North Dakota v. RigginAnnotate this Case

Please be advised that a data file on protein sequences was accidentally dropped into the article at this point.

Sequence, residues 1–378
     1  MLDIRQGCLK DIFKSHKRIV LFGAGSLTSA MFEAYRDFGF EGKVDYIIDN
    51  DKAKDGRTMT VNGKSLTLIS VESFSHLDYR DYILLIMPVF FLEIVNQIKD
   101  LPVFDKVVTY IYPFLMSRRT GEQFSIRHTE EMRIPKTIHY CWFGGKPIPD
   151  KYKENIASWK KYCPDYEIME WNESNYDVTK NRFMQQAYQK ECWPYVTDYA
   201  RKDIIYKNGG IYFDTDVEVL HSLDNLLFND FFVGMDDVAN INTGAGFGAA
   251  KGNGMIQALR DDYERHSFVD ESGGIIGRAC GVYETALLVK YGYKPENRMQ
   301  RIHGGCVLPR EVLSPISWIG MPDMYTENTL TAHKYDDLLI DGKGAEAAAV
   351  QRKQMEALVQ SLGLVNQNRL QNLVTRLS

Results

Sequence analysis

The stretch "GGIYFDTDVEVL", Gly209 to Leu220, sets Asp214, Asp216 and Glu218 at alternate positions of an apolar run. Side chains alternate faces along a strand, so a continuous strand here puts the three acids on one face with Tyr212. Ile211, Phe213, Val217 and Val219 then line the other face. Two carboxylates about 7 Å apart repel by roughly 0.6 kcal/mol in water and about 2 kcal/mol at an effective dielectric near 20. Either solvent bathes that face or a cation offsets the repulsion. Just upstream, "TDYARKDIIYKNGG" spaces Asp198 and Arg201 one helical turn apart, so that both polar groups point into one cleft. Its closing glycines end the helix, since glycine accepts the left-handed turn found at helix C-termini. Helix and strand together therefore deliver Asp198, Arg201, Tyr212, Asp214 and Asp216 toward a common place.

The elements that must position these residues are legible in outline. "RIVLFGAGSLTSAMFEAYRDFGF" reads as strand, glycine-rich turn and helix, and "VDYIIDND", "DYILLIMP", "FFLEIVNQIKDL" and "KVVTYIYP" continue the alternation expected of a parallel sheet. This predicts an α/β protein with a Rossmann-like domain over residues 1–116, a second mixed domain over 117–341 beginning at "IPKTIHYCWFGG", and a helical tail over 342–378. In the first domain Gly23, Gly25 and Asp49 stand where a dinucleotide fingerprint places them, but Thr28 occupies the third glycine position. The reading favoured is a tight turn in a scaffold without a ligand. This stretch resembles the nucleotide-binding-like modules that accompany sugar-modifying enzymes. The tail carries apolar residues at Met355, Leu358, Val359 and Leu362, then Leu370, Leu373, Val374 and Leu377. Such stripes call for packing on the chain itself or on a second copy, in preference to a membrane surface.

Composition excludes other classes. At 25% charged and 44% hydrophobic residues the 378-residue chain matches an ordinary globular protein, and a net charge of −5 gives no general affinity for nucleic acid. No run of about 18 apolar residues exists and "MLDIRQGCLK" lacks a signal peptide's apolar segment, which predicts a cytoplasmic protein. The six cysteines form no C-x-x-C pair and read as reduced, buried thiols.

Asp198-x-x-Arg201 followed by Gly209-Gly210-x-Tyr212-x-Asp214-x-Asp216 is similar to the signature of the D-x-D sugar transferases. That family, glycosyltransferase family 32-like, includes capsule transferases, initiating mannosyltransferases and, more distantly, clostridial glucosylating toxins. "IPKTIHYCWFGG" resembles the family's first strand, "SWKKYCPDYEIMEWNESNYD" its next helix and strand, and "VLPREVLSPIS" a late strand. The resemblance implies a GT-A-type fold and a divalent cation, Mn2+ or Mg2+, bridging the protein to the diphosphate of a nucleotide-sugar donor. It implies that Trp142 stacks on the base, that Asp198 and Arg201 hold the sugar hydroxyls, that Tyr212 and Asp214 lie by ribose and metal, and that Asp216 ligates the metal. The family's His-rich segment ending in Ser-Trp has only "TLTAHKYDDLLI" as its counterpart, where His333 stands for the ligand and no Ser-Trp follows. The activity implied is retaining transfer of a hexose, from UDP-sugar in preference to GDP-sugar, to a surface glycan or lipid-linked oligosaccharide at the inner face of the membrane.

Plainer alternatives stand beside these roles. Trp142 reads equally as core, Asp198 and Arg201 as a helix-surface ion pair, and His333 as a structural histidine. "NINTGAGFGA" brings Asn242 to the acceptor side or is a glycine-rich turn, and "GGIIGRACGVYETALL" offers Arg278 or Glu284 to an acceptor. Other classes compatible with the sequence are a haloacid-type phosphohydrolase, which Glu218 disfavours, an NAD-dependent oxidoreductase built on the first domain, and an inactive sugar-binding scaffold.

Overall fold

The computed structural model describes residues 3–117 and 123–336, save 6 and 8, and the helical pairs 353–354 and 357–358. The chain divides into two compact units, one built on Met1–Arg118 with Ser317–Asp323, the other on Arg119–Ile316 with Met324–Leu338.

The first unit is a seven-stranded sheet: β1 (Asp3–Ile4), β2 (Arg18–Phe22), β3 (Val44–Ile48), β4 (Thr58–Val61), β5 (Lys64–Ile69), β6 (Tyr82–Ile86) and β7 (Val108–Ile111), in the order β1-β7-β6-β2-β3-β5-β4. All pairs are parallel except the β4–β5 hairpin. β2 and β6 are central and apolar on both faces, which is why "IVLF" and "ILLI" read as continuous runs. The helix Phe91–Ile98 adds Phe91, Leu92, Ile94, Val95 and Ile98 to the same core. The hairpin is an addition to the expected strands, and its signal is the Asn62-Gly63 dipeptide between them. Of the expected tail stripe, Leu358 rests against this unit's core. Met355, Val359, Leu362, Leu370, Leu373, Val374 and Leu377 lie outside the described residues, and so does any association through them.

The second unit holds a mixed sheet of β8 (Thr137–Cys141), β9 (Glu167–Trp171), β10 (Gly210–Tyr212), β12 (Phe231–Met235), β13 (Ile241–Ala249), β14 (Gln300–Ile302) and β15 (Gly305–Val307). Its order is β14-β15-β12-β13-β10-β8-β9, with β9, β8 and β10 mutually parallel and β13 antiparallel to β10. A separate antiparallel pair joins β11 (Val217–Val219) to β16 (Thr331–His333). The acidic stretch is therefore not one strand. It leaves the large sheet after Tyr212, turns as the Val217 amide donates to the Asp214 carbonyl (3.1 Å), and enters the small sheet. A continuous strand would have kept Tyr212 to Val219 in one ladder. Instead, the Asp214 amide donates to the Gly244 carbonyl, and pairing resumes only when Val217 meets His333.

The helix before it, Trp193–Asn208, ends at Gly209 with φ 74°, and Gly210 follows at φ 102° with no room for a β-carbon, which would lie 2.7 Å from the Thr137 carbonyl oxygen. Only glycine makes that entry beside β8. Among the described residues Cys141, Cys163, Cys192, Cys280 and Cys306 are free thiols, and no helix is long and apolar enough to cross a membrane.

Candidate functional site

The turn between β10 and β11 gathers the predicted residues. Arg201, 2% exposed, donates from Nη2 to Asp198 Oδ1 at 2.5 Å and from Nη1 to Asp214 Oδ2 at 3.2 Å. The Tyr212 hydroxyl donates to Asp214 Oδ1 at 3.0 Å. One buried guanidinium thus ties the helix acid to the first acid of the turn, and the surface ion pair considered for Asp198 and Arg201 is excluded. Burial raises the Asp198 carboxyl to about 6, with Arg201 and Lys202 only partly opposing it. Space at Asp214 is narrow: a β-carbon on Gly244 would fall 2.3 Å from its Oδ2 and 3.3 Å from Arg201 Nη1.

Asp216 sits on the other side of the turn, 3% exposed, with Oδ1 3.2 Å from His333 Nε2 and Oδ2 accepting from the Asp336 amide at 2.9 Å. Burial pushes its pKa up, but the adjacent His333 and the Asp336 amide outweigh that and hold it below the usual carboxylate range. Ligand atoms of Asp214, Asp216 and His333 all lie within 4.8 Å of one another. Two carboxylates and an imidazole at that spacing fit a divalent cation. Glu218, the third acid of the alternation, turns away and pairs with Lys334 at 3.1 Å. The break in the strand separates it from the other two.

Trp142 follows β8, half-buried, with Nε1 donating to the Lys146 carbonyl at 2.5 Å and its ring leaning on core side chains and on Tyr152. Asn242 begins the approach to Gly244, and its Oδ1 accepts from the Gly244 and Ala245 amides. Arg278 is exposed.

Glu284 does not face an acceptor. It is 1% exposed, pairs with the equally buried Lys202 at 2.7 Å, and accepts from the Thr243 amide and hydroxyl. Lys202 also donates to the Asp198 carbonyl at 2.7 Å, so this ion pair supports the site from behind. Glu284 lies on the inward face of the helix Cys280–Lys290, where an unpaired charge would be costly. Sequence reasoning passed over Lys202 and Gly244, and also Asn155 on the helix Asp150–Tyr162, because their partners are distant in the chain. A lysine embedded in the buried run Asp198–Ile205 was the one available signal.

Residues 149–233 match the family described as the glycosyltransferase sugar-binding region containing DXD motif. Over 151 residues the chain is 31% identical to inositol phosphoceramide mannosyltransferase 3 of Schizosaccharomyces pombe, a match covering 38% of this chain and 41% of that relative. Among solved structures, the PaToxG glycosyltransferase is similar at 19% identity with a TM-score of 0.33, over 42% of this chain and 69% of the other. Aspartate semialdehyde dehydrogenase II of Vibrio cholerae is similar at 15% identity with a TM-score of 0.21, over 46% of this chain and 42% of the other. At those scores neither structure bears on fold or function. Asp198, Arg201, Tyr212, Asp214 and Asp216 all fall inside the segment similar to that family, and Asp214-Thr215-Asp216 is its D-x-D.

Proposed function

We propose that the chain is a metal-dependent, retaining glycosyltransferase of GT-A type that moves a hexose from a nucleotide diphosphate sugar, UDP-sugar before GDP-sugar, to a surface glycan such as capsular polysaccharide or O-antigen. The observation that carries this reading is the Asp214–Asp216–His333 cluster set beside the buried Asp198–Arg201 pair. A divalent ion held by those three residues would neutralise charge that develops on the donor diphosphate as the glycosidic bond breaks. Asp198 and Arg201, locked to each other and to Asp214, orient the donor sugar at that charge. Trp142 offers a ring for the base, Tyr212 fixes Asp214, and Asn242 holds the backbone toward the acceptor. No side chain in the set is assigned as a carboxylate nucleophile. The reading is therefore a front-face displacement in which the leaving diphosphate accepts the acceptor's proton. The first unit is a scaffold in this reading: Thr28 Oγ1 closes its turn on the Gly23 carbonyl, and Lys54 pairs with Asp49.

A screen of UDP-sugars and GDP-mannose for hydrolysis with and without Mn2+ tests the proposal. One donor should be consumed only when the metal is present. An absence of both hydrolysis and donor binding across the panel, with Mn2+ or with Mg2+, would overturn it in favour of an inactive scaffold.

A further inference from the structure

On March 13, 2020, North Dakota Governor Doug Burgum declared a state of emergency and activated the North Dakota State Emergency Operations Plan via Executive Order (“E.O.”) 2020-03. Governor Burgum’s declaration of a state emergency was in response to the public health crisis resulting from the novel coronavirus (“COVID-19”). On March 19, 2020, Governor Burgum issued E.O. 2020-06 which closed certain business establishments in North Dakota, limited physical access to other business establishments in North Dakota, directed state agencies and offices to regulate staffing, and limited access to the North Dakota State Capitol by appointment only. These restrictions were set to expire on April 6, 2020. On March 27, 2020, E.O. 2020-06 was amended as E.O. 2020-06.1 to include the closure of salons and ordering licensed cosmetologists to cease operations. Kari Riggin appealed a criminal judgment entered after she conditionally pled guilty to a violation of Executive Order 2020-06, an infraction. Riggin challenged the Governor’s authority to restrict her ability to engage in cosmetology services within an assisted living facility as part of the State’s response to a declared state of emergency. Finding the governor did not exceed the statutory authority delegated to him through N.D.C.C. ch. 37-17.1. Riggin failed to adequately support her challenge E.O. 2020-06 was unconstitutional because it restricted her right to conduct business, engage in employment, and failed to adequately support her contention the executive order and the criminal penalties imposed for a violation of an executive order were unconstitutionally vague and overbroad. Accordingly, judgment was affirmed.